LEADING SECTIONAL RATINGS (as of 14/02/2020)
2m to 2m 5f 2m 5f plus
The problem of “but which race?” which affects any long-range forecasting for the Cheltenham Festival is magnified where the novice hurdlers are concerned. Two miles for the Supreme, the traditional curtain-raiser on Tuesday, two miles five for the Ballymore on Wednesday, or three miles for “The Potato Race” (Albert Bartlett) on Friday?
The conundrum is made more difficult by the fact that the last-named is usually slightly easier to win or run well in than the Ballymore (147 five-year average winning rating with Timeform compared to 150) and that both are easier than the Supreme (157).
In addition, a couple of leading novices are being spoken of as Champion Hurdle candidates, in what seems to be a weak year. Still, if it is a headache for pundits it must be even more so for connections!
The Supreme could be exceptional, or slightly disappointing, depending on whether ENVOI ALLEN and ABACADABRAS turn up or not. They finished first and second at Fairyhouse in December in the Royal Bond Novice Hurdle, a race run in a smart overall time and with solid splits, and which looks even better now than it did at the time due to the subsequent exploits of third-placed Darver Star, among others.
The sectionals that day suggest Abacadabras could narrow the one-and-a-half length margin but not necessarily overturn it (he ran 60.6s from three out compared to Envoi Allen’s 60.9s).
Since then, Envoi Allen has been less impressive (despite what you might have read) in beating 142-rated ELIXIR D’AINAY by three and a half lengths in the Naas Novice Hurdle, while Abacadabras smashed up three rivals in the Future Champions Novice Hurdle at Leopardstown at Christmas.
That latter race was an interesting one from a sectional point of view, in that everything finished slowly, but Abacadabras finished less slowly than the others. My inference is that he could be very good indeed in a strongly-run two miles on soft going. Will he get that at Cheltenham? We do not know yet for sure.
ASTERION FORLONGE won in similar style (he finished slowly, others finished slower still) at the Dublin Racing Festival at Leopardstown in February, and his clear defeat of EASYWORK (150) and MT LEINSTER (147) reads very well. Given such stamina, and his limited experience to date, the temptation must be to run Asterion Forlonge in the Ballymore rather than the Supreme, however.
His owners also have SHISHKIN, who is a sectionals horse par-excellence, in that his fast late ones at Newbury had him as 141 minimum and his fast late ones at Huntingdon pushed him up to 155, despite the limitations of his rivals. He won both races by 11 lengths.
That might be enough to win a Supreme in an ordinary year, but this is no ordinary year (see above). For all his talent, Shishkin is another a bit short of experience.
I backed both MASTER DEBONAIR (fast time when winning at Ascot on latest start) and FIDDLERONTHEROOF (ditto at Sandown) ante-post for the Supreme before it became quite so apparent what a red-hot contest it was likely to be.
The latter has the Ballymore as a highly credible alternative, with the longer distance likely to suit him given how strongly he came up the hill at Sandown (30.0s for 425 yards from second-last) to win the Tolworth Novices’ Hurdle by six lengths.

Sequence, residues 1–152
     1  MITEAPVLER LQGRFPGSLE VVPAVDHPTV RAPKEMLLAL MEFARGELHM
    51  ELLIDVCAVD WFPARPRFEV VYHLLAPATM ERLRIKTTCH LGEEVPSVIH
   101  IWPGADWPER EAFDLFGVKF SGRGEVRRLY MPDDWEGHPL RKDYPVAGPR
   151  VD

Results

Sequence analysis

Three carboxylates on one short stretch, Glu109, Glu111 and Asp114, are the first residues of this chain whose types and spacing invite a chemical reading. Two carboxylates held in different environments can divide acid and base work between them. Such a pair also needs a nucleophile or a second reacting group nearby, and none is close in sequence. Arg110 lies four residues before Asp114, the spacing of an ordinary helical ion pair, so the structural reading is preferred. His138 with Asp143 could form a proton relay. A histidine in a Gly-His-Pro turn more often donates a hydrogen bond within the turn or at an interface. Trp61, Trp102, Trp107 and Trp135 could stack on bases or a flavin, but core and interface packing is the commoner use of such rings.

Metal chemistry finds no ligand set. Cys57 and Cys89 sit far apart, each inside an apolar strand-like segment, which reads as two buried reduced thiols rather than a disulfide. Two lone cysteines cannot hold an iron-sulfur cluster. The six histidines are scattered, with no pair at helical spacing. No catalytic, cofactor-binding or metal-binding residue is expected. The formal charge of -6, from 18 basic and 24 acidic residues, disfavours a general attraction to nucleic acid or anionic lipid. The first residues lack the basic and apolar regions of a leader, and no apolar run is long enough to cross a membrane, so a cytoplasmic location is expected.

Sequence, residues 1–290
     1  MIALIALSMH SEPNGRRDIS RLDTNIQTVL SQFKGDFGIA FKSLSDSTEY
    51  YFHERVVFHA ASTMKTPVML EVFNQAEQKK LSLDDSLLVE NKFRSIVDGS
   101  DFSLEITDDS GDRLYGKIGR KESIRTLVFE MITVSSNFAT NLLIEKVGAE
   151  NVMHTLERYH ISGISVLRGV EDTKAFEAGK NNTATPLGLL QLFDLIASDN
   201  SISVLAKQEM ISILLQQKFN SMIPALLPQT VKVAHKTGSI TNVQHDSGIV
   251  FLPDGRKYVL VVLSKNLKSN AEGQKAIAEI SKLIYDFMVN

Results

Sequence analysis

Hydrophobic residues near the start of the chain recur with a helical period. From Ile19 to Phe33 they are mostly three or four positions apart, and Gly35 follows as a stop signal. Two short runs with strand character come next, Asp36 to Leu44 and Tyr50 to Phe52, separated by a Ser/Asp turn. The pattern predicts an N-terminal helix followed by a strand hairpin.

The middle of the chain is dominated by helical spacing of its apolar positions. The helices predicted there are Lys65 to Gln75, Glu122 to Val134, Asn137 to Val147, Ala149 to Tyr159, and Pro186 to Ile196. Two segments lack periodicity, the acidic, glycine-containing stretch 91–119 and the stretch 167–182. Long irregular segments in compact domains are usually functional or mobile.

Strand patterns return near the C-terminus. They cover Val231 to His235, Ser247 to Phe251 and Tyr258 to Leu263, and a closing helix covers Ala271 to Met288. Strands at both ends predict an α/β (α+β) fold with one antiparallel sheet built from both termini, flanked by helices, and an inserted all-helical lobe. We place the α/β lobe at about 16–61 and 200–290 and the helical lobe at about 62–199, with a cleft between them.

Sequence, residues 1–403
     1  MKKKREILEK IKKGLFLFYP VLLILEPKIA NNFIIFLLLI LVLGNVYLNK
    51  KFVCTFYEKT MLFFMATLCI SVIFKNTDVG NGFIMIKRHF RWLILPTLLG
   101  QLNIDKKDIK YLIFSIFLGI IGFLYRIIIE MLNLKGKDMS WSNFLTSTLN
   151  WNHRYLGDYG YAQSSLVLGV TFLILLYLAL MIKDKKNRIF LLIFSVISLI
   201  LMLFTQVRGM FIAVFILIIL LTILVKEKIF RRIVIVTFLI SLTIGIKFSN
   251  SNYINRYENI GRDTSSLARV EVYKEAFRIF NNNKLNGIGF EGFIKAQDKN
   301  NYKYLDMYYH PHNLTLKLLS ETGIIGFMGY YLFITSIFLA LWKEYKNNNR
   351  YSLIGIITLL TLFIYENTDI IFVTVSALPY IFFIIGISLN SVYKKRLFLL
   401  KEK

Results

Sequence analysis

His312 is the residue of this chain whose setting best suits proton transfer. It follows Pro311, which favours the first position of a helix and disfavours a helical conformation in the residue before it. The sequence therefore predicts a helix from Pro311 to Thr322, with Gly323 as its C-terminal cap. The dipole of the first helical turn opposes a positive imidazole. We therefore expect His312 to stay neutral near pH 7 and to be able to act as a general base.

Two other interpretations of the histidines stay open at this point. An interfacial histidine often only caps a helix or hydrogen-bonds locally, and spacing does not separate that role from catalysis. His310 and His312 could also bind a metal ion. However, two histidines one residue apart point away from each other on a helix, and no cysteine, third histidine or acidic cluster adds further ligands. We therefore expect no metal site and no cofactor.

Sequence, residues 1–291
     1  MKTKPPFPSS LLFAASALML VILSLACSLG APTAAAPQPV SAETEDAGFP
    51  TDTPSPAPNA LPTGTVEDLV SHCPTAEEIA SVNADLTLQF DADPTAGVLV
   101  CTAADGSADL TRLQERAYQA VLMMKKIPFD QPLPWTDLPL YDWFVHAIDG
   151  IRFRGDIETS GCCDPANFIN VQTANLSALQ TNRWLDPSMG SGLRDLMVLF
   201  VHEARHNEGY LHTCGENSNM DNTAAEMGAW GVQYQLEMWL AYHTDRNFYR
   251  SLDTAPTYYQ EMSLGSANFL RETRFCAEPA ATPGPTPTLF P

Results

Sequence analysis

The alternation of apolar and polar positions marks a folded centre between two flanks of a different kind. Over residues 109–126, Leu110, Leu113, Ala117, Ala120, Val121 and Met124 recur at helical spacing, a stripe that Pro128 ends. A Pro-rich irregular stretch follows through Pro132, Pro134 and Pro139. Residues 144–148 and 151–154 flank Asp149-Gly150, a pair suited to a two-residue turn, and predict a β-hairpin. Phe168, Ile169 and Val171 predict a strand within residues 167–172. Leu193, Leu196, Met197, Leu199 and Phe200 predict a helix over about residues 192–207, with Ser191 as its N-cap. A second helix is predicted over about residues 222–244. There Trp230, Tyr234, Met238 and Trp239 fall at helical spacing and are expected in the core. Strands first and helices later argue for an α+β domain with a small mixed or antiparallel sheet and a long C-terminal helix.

Other shorter-distance novices to mention are CHANTRY HOUSE (139), who received weight when beating 143-rated STOLEN SILVER at Cheltenham and who had little opposition at Newbury last time, CAPTAIN GUINNESS (140), a speedy type who nearly upset 143-rated Andy Dufresne at Punchestown on his latest start, and THE BIG BREAKAWAY and THE BIG GETAWAY (both 138), who may be longer-term prospects. All of those are promising.
Asterion Forlonge is in the Albert Bartlett also, though one doubts he will move from 2m to 3m in one go. THYME HILL (also in the Ballymore) sets the standard in the three-miler, though his defeat of 146-ratedTHE CASHEL MAN in the Challow Novices’ Hurdle at Newbury was less than spectacular.
RAMSES DE TEILLEE ran his rivals into the ground at Doncaster last time (finishing speed of just 93.6% if you include rail movements), and appears to be under-rated, but it is difficult to see the same tactics being successful in these circumstances.
LATEST EXHIBITION might not have been helped by a steady pace when a workmanlike winner at Leoprdstown recently, and is talented and street-wise enough to have place chances, while MONKFISH could be going places fast, though it has to be said that the gelding he beat by 20 lengths at Thurles last time has been beaten by a similar margin since.
Regular readers will be aware of the high regard in which I hold LORD ROYAL, and why. He ran much faster than the other two winners at the same distance at Clonmel on his only hurdling start, and ran faster late on, too, to record a win by a remarkable 33 lengths.
Lord Royal beat little and could surely do with more experience before Cheltenham, but he looks a star of the future to me and a gelding with bags of stamina.
The three novice hurdles at the forthcoming Cheltenham Festival are chock-full of equine talent, tapped and untapped, and the Supreme in particular could be (yet another) “Race of The Festival”.
Abacadabras has the right blend of ability and experience to be of interest at the prices in that, Fiddlerontheroof catches my fancy most in the Ballymore now, and Lord Royal remains my pick for the Albert Bartlett. But caution is advised until nearer the time and non-runner, no bet, looks the way to go.
VERDICT: ABACADABRAS (Supreme), FIDDLERONTHEROOF (Ballymore), LORD ROYAL (Albert Bartlett), all win only and non-runner, no bet